In San Bernardino, long hit by hard times, determination for a better future

San Bernardino, site of Wednesday’s mass shooting, is also in the throes of a 3-year-old bankruptcy filing. But the people there came together Thursday night to show hope in the face of despair, resilience in the presence of hard knocks.

Tom Tingle/The Arizona Republic/AP
The McIntyre family from Redlands, Calif., hold candles at a vigil at San Manuel Stadium, San Bernardino, Calif., Thursday, Dec. 3, 2015, in remembrance of the 14 people lost Wednesday in the San Bernardino mass shooting. From left to right: Patrick,11; Kathleen, 13; Renee; and Joe. The parents are middle school teachers.

They came from all over southern California’s Inland Empire Thursday night, filling the baseball stadium in San Bernardino: mothers and sons, professors and professionals, construction workers and even video-game teammates – all of them here to show that while the city may be down after Wednesday’s shootings, it is not out.

“We’ve been having hard times here,” said Lisa Mosqueda, a mother of seven who has lived in this city of some 210,000 her entire life. “But I think this is our time to turn a corner, to show the world we can do something better, that we don’t have to have violence and crime like this anymore.”

Hardship is not new in this city some 65 miles east of Los Angeles, still in the throes of a 3-year-old bankruptcy filing. It is the second-largest California city to go bankrupt, and between 2009 and 2013, 32 percent of its residents lived in poverty, according to US Census data.

A June profile in the Los Angeles Times noted that this city, once a solid middle-class community, is now the poorest of its size in the nation and a symbol of America’s worst urban woes.

And yet, hope in the face of despair, resilience in the presence of hard knocks – these are persistent themes in San Bernardino, which, immediately after the rampage, a local columnist dubbed “a scrappy city.”

“Definitely a scrappy place,” said Adam Murvine, who owns a small construction company. “This whole area has been hard hit by economic times, but it is bouncing back better than could be expected.”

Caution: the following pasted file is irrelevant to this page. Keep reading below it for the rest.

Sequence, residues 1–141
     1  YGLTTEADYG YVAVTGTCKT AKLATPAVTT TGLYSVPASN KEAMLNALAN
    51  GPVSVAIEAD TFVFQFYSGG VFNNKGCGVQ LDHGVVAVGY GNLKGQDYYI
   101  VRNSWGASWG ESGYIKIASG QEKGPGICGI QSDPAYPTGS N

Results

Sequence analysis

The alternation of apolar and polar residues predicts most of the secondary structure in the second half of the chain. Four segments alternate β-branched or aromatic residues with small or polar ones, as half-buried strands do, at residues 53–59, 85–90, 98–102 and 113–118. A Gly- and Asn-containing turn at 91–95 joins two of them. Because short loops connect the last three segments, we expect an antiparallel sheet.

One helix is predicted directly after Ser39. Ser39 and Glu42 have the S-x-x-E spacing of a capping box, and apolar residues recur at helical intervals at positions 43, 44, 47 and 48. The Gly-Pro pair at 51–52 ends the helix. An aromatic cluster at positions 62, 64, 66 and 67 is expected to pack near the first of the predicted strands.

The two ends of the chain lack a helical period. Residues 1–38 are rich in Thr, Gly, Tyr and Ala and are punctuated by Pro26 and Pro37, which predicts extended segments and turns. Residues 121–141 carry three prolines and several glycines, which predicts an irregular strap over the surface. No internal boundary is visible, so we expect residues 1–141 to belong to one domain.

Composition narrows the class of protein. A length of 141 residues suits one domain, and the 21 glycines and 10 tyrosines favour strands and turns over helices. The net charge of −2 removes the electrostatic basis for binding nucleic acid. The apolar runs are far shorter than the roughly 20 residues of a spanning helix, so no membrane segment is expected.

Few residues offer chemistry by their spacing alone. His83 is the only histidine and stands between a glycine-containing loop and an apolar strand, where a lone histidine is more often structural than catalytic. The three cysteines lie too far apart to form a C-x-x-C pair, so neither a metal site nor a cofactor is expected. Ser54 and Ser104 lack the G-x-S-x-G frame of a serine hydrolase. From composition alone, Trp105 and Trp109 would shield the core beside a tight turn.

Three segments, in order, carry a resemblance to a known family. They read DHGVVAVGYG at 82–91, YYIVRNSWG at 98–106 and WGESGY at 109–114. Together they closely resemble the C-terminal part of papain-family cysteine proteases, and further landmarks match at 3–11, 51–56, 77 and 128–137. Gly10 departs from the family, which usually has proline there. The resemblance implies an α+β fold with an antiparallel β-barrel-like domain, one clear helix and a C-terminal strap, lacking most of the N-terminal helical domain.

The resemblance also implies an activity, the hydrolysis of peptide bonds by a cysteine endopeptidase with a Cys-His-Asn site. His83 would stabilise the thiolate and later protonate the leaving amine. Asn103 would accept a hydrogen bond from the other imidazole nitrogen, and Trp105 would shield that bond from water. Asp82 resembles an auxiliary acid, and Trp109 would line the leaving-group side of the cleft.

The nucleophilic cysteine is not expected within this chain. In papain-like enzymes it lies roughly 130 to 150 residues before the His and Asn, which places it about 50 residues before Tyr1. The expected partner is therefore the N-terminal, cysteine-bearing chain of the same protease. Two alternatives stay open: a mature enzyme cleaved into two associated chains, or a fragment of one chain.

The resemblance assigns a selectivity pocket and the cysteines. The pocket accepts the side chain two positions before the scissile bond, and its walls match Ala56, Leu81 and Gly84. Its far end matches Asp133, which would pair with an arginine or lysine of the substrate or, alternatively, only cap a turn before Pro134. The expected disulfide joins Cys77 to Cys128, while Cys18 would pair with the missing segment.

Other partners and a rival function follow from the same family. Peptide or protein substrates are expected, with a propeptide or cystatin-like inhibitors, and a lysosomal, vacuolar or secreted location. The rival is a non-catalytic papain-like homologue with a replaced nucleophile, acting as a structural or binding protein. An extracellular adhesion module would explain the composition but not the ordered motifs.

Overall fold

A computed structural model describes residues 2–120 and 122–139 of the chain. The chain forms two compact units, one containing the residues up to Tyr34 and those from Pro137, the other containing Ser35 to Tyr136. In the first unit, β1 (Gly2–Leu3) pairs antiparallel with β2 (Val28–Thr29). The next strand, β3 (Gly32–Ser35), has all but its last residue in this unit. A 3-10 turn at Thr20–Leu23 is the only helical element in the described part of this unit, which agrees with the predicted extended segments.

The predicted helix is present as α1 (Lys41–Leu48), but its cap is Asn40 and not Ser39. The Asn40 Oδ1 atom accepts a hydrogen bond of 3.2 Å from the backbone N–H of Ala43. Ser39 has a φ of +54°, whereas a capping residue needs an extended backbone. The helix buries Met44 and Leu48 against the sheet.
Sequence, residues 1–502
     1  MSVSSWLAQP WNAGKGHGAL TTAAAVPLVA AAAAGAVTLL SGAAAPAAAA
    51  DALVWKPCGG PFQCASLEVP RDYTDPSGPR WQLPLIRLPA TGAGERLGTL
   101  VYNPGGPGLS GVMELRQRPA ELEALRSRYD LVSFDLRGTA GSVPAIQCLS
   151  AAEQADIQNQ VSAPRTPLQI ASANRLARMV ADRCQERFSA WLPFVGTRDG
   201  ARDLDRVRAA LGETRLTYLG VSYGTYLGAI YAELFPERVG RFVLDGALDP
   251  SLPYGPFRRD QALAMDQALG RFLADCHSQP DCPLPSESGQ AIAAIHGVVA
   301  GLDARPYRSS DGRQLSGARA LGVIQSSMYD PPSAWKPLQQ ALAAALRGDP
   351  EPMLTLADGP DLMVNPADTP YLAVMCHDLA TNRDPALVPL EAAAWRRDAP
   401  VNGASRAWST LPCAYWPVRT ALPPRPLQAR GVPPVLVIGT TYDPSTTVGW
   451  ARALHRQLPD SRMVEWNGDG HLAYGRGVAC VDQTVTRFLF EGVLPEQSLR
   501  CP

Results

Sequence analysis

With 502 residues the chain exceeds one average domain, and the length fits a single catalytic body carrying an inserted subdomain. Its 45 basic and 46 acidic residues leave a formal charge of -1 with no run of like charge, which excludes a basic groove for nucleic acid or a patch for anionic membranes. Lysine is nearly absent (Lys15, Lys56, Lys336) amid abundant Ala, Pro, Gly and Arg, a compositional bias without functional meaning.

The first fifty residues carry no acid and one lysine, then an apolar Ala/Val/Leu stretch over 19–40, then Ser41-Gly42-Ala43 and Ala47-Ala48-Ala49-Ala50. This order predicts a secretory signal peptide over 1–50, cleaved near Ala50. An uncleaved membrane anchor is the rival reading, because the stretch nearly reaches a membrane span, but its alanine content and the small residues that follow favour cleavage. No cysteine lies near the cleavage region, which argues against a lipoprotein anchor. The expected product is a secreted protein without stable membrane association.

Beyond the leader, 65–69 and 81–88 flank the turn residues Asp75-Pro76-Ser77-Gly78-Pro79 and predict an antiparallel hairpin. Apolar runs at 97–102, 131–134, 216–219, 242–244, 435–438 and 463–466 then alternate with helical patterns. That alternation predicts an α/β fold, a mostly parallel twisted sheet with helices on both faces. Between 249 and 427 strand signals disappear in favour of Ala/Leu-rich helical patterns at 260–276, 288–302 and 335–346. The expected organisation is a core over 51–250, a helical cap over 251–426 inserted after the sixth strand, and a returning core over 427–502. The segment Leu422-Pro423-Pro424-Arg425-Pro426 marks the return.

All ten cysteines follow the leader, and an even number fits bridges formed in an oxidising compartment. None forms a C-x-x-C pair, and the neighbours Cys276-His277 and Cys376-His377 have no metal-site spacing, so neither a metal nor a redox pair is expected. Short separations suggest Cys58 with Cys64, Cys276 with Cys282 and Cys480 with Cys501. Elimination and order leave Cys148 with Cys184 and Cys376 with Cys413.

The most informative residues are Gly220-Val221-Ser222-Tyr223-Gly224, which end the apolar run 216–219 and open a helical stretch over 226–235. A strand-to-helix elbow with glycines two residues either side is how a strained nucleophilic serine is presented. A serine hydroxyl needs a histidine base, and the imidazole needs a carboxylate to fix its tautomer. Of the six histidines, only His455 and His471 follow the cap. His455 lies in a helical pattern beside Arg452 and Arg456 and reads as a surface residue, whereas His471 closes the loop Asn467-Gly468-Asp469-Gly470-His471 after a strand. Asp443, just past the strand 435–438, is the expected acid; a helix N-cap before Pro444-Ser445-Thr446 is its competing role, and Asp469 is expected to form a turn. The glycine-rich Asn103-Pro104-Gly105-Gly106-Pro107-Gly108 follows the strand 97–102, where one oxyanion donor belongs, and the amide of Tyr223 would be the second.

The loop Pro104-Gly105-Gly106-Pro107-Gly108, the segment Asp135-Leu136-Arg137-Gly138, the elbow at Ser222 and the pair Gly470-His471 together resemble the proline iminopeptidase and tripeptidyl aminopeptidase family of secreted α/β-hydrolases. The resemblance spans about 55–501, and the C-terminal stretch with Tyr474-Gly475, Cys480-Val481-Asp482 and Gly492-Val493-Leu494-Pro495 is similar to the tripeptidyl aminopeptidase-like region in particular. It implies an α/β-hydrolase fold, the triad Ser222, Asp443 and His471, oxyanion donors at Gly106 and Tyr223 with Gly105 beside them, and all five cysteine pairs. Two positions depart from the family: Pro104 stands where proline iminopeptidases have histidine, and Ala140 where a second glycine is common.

Mr. Murvine came to the vigil along with a slew of fellow video-game enthusiasts to honor Daniel Kaufman, one of the 14 victims of Wednesday’s massacre, which the FBI is investigating as terrorism. Mr. Kaufman was part of an online multi-player video game called Ingress.

“All of us in the Inland Empire, we’re family and when one of us is hurt, we all hurt,” said Murvine, as fellow players at his side nodded agreement. “But this will bring us together” – moments like this that “show the world what we are made of, who we are as human beings,” he said.

“I will never forget the hug Daniel gave me the first time we met [off-line],” said Murvine. “We played a silly video game together, but I am a better person for knowing him.”

Some who have been working hard to help San Bernardino turn a corner hope the national spotlight will help.

“We don’t need any more speeches,” said Oskar Zambrano, a community organizer for the region. “We’ve been fighting the issue of violence and crime for years in San Bernardino,” he said, standing outside the stadium. “Now we are coming together to say these are issues we live with every day and it’s time to take action to get some resources into the city.”

Inside the stadium, the walls brimmed with rebuffs to despair. “SB Strong” shone from digital displays alongside the city seal, which reminded the crowd that this city has roots, having been founded in 1810. Those roots have power, says local daughter Monica Lagos, who left a “good job” in Los Angeles four years ago to “come home.”